As a spa junkie, The One &Only Reethi Rah is a dream holiday destination for me. There is nothing that leaves me happier than a good massage, lots of incense and strains of a didgeridoo or some other pagan instrument wafting in the air.

Now as a lowly copywriter, my salary does not afford regular spa trips, unless I choose to not eat for a few months or sell a kidney. So I do the next best thing. I bring the spa home.

I'm a sucker for books about home spas and detoxes. Any hardback book printed on recycled paper that allowed a community of poisonous frogs to survive in the Amazon will have me reaching for my credit car faster than you can say Dendrobates duellmanni. I have a small library that tells me to stew nettle leaves for glossy hair, St.John's Wort (eww) for better skin and Primrose oil for brighter eyes. But since I'm not one of the three witches from Macbeth I take a short cut and go to The Body Shop. God bless Anita Roddick, I hear cauldrons are a bitch to clean.

So now back to home spa-ing. It's easy really. If armed with a few candles (not like the ones we use during power cuts - nice scented ones), natural sounding products that have saved seaweed beds off the coast of Northern Island and funded the IRA and a glossy magazine any one can spa at home!

So on Sunday, armed with all these things I bid goodbye to my husband, left him his dinner on the table and descended in to spa-heaven.

The hot oil head massage (which left my arms begging for a massage of their own) was followed by the hot towel head wrap. Now this is tricky. If the water is too hot it will leave you looking a singed cartoon character, if it's not hot enough it's like wrapping a giant boogger around you head.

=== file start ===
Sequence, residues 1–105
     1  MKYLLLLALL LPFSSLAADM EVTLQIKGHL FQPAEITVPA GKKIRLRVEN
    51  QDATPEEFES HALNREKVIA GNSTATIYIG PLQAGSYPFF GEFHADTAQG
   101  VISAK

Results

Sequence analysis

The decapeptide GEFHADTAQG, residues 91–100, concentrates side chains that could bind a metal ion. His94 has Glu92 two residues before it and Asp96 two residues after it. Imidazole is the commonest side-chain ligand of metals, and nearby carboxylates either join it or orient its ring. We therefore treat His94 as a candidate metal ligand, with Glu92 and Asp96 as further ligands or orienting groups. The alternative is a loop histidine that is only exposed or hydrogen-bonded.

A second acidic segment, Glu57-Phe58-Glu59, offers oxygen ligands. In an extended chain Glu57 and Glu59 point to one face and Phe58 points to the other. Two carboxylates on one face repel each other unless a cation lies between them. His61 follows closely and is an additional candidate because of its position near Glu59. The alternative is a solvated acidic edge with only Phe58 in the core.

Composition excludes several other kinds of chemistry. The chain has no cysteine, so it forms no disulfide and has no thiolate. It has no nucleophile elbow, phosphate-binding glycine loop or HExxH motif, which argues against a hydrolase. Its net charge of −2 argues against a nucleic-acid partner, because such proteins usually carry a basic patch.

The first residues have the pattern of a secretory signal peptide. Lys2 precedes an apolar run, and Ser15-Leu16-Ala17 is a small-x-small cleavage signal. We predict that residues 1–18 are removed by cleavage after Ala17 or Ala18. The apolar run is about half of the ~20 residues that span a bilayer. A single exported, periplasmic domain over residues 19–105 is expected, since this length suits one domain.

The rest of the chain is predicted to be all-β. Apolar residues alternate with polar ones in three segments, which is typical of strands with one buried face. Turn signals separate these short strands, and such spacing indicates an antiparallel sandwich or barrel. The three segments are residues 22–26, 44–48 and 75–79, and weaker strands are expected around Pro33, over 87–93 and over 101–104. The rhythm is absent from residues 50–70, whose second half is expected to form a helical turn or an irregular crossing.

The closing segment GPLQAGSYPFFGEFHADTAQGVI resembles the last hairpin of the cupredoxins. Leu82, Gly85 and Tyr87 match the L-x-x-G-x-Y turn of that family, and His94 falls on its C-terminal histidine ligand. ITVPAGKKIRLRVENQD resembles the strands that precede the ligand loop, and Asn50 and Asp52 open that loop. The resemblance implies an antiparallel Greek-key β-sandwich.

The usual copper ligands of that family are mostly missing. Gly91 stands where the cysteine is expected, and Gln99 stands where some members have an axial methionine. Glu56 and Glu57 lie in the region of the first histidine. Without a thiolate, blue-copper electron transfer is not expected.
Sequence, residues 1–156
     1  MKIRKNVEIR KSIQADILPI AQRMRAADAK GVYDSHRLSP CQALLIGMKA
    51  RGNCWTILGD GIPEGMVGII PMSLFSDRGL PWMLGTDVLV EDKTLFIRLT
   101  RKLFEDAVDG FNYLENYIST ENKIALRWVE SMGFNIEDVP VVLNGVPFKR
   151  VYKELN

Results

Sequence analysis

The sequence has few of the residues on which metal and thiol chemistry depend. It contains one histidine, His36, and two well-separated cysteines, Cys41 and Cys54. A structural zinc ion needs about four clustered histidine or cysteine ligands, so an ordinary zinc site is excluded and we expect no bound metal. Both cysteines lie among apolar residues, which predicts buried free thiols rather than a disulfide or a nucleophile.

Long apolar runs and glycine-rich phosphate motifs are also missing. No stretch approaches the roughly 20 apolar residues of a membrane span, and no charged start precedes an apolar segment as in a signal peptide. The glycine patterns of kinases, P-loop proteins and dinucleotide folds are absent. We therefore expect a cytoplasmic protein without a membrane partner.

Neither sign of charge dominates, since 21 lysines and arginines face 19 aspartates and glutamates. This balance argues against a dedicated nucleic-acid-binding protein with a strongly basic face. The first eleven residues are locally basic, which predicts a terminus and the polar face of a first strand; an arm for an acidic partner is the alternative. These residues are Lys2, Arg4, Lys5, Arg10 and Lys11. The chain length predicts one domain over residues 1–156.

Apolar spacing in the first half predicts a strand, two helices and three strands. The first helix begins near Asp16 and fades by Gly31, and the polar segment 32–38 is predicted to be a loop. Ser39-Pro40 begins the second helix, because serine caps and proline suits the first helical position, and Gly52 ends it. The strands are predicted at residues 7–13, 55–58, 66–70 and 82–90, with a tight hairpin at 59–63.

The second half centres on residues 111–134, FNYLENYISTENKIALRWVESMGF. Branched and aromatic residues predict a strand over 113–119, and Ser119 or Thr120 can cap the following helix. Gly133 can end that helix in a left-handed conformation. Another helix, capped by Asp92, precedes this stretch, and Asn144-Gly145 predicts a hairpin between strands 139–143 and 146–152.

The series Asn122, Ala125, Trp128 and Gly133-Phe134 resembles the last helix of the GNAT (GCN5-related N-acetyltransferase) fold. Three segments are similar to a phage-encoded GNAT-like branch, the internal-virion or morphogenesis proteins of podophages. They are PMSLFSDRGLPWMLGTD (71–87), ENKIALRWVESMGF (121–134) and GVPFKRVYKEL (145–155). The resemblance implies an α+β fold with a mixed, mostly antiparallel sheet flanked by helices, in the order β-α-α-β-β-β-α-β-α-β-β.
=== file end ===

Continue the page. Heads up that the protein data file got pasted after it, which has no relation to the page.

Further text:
So there I was suitably oiled with a face pack on and a rapidly cooling towel on my head. And I took out the home made almond and cashew paste (hey looking good ain't cheap). Since I had a face pack on I rubbed it on my hands and feet. As the fragrance of nuts enveloped me, I had a brief vision of giant squirrels breaking down the bathroom door and trying to eat my limbs.

I followed this with a foot scrub and decided to run a nice hot bubble bath. As the tub filled with steaming water and camomile bath salts, I tried reading this months issue of Living etc. A little hard considering the fact that my hands had turned in to nut treats.

Now when spa-ing it's important to prepare a check-list. And number 1 on that checklist is to make sure that there's enough hot water to fill a bath tub. And as I lowered myself in to the tub I realised that this was something that I had overlooked (one of the occasions in life where the saying 'better late than never' does not apply) After trying for 5 minute to to relax in the luke warm water, I decided to turn the hot water on and wait for for the nice hot soak I deserved. A considirable wait as many of you know. And to pass the time, what did I do? I dumped live Greek Yoghurt on my hair and massaged the rest in to my arms. Not a clever thing to do, as the bathroom was slowly starting to resemble a meat locker - cold and smelly.

After a painfully cold 45 minute wait, I showered in water that was as lukewarm as it had been three quarters of an hour before. The Greek Yoghurt mixed with the lavender body scrub, and the tingling sensation I was promised was more like third degree burns.

So after almost two hours of feeling cold, wet and burnt, struggling with imaginary giant squirrels and trying to put out small fires started by the candles I emerged. The bathroom was a mess, I was no where near relaxed and I exuded a fragrance that was a mix of Greek dairy hand and Naturals' roasted almond ice cream (proximity to candles not advised)

So have I learned anything from this experience? I hope to. I really do. And to help me, I have a fresh copy of Luxury Spa's at Home in my bag.